Close

We use cookies to give you the best possible online experience. If you continue, we'll assume you are happy for your web browser to receive all cookies from our website. See our cookie policy for more information on cookies and how to manage them.

Achalasia

Difficulty in swallowing due to a muscle disorder of the oesophagus

  • Most common between the ages of 20 and 40; rare in childhood
  • Gender, genetics, and lifestyle are not significant factors

In people with achalasia, the passage of food and drink into the stomach from the oesophagus is delayed or prevented. The problem is mainly caused by failure of the lower oesophageal sphincter (the ring of muscle at the lower end of the oesophagus) to relax normally and allow food to pass into the stomach during swallowing. Achalasia may also be caused by poor muscle coordination in the oesophagus. The condition causes the lower part of the oesophagus to be progressively distorted and widened over months or years, and makes swallowing increasingly difficult. Achalasia most commonly occurs in people between the ages of 20 and 40.

What are the symptoms?

Symptoms of achalasia usually develop slowly and include the following:

  • Difficulty in swallowing.

  • Chest pain or a feeling of discomfort behind the breastbone, which may be related to eating.

  • Regurgitating undigested food during meals or some hours afterwards, especially at night.

  • Eventually, weight loss.

If achalasia is left untreated, there is a slightly increased risk of developing cancer of the oesophagus.

How is it diagnosed?

If your doctor suspects that you have achalasia, a chest X-ray may be arranged to look for the typical widening and distortion of the oesophagus. The diagnosis may be apparent from a barium swallow. Your doctor may look down your oesophagus using a flexible viewing instrument called an endoscope (see Endoscopy) to confirm the diagnosis and eliminate other possible disorders, such as cancer of the oesophagus. Oesophageal manometry is considered the most reliable indicator of achalasia. In this procedure, a flexible tube is passed down the oesophagus in order to measure pressures. Normally, the procedure shows changing pressures as a result of the alternate contractions and relaxations of the oesophageal muscles. In achalasia, these pressure changes are absent, and the overall pressure is high due to incomplete muscle relaxation.

What is the treatment?

Several different effective treatments are available for achalasia. The choice of treatment depends on your age and general health in addition to the severity and duration of your symptoms.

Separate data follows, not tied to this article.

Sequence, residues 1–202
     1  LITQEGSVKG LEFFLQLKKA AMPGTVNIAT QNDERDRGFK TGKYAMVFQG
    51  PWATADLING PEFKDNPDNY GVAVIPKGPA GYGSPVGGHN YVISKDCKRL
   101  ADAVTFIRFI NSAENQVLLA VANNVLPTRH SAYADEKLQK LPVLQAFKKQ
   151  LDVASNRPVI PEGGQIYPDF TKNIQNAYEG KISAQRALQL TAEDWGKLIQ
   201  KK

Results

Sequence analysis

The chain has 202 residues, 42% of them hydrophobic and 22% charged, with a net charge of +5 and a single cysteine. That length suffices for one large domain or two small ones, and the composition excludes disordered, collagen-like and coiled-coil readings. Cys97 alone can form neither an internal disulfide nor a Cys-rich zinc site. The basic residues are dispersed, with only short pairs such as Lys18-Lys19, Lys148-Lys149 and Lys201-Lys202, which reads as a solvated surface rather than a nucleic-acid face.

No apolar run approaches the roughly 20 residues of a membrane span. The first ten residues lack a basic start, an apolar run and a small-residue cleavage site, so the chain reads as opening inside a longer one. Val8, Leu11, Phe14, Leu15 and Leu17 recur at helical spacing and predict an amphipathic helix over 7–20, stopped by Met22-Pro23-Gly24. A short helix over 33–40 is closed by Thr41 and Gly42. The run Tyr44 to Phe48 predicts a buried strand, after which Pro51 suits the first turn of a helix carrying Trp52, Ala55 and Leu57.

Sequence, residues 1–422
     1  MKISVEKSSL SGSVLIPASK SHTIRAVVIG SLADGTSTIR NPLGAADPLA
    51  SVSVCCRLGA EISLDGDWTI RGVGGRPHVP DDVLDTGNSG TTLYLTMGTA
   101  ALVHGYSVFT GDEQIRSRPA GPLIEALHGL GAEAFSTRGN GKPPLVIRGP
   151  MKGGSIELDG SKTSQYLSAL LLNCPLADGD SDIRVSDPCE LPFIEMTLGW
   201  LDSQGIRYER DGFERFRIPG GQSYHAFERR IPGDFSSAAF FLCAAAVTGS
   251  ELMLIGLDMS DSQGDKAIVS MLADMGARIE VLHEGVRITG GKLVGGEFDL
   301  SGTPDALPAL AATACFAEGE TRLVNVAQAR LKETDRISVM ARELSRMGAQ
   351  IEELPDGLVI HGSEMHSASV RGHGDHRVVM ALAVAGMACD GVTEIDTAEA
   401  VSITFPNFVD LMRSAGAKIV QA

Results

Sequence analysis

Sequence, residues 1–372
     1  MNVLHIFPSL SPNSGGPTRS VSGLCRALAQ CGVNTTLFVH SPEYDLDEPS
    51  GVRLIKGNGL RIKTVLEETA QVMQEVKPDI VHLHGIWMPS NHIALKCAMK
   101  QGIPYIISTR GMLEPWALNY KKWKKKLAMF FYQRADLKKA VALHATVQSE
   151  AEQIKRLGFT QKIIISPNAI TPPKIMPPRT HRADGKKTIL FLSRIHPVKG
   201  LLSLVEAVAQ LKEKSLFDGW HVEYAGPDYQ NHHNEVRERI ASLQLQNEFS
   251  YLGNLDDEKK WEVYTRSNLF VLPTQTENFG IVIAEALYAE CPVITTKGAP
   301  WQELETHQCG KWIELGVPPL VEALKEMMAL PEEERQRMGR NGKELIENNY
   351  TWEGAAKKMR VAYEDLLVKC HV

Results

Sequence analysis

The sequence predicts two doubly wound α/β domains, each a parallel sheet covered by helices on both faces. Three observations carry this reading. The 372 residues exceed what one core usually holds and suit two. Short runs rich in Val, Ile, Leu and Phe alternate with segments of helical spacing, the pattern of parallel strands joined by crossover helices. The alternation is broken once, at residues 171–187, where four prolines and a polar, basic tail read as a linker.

The simplest treatment is for your doctor to prescribe drugs called calcium channel blockers, which temporarily relax the lower oesophageal sphincter muscle. However, for longer-term relief, the treatment most often used is to pass a small balloon down to the oesophageal sphincter. Once the balloon is in place, it is inflated with either air or water to stretch the sphincter and is then removed. This procedure is successful in at least half of all people with the disorder. However, for a few people, it may have to be repeated over periods varying from 6 months to several years.

An alternative treatment is the injection of botulinum toxin into the sphincter. In small doses, the toxin paralyses the affected muscles, causing them to relax and allow food and liquids to pass. This effect typically lasts a little over a year and may need to be repeated.

If none of these methods is successful, laparoscopic surgery may be performed using instruments passed through small incisions in the abdomen. Some of the muscle at the lower end of the oesophagus may be cut to allow food to pass into the stomach. In about 1 in 10 cases, this procedure leads to the stomach contents flowing back up the oesophagus, a condition that will also need treatment (see Gastro-oesophageal reflux disease).

Test: Barium Swallow

From the 2010 revision of the Complete Home Medical Guide © Dorling Kindersley Limited.

Back to top

Search the
Medical Encyclopedia

The subjects, conditions and treatments covered in this encyclopaedia are for information only and may not be covered by your insurance product should you make a claim.